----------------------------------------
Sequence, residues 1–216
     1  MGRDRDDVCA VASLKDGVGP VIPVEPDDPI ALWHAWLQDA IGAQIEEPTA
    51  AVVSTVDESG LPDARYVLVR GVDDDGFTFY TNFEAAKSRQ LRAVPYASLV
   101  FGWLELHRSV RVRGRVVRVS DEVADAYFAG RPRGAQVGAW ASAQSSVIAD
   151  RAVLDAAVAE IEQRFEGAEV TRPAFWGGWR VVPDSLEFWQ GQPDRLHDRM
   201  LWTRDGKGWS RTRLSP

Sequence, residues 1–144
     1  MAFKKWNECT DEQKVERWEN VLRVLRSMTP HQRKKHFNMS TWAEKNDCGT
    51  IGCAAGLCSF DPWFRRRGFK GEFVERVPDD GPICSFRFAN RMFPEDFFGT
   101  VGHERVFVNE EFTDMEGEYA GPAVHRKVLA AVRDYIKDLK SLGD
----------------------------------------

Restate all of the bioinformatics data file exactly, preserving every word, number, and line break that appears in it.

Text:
Sequence, residues 1–216
     1  MGRDRDDVCA VASLKDGVGP VIPVEPDDPI ALWHAWLQDA IGAQIEEPTA
    51  AVVSTVDESG LPDARYVLVR GVDDDGFTFY TNFEAAKSRQ LRAVPYASLV
   101  FGWLELHRSV RVRGRVVRVS DEVADAYFAG RPRGAQVGAW ASAQSSVIAD
   151  RAVLDAAVAE IEQRFEGAEV TRPAFWGGWR VVPDSLEFWQ GQPDRLHDRM
   201  LWTRDGKGWS RTRLSP

Sequence, residues 1–144
     1  MAFKKWNECT DEQKVERWEN VLRVLRSMTP HQRKKHFNMS TWAEKNDCGT
    51  IGCAAGLCSF DPWFRRRGFK GEFVERVPDD GPICSFRFAN RMFPEDFFGT
   101  VGHERVFVNE EFTDMEGEYA GPAVHRKVLA AVRDYIKDLK SLGD